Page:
Rene Carre Farm
This is a good visit for young and old. The visit includes a ride on a tractor-towed ‘train’ through acres of vineyards, nut trees and a dairy farm. Products to sample and buy include pineau, cognac and nut oil.
Moulin de Grand Fief – This is a working windmill that produces flour used at the boulangerie in Condeon and which can also be purchased at the mill.
Lerisson Gourmand Farm
Producer of nuts, nut products, biscuits etc. Their shop sells a large range of other goods and gifts.
LOCAL WEEKLY MARKETS
- Monday morning : Chalais (recommended)
- Tuesday morning : Barbezieux
- Wednesday morning : Montmoreau Saint-Cybard
- 2nd and the 4th Wednesday mornings: Baignes Sainte-Radegonde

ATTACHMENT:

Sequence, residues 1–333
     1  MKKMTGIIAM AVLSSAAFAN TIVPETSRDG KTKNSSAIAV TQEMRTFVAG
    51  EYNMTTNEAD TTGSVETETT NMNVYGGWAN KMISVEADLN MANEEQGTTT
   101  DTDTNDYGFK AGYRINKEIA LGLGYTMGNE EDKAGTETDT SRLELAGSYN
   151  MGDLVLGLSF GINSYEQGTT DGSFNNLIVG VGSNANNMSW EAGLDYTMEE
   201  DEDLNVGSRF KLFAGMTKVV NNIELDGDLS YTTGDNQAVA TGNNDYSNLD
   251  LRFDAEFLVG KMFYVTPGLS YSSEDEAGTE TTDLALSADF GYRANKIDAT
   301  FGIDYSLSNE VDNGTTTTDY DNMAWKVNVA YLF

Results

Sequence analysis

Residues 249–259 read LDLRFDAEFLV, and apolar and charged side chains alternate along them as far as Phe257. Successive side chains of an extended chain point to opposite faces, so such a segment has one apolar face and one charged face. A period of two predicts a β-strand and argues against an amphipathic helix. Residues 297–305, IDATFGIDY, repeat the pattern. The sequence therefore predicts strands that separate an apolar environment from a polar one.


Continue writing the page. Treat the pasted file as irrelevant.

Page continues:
- Wednesday morning : Bonnes
- Thursday morning : Saint-Séverin
- Friday morning : Barbezieux
- Friday morning : Riberac (recommended)
- Saturday morning : Barbezieux, place du Champ de foire
- Sunday morning : Aubeterre-sur-Dronne
- Saturday morning : Blanzac-Porcheresse
- Saturday morning : Montmoreau Saint-Cybard
There are plenty of places you can cool off nearby. Our nearest town, Montmoreau, has an outdoor swimming pool open Mon-Sat during July and August. Also there is a sandy beach at Aubeterre-sur-Dronne where you can paddle and swim, as well as a swimming spot and much else to see and do at La Base de Pleine Nature de Poltrot.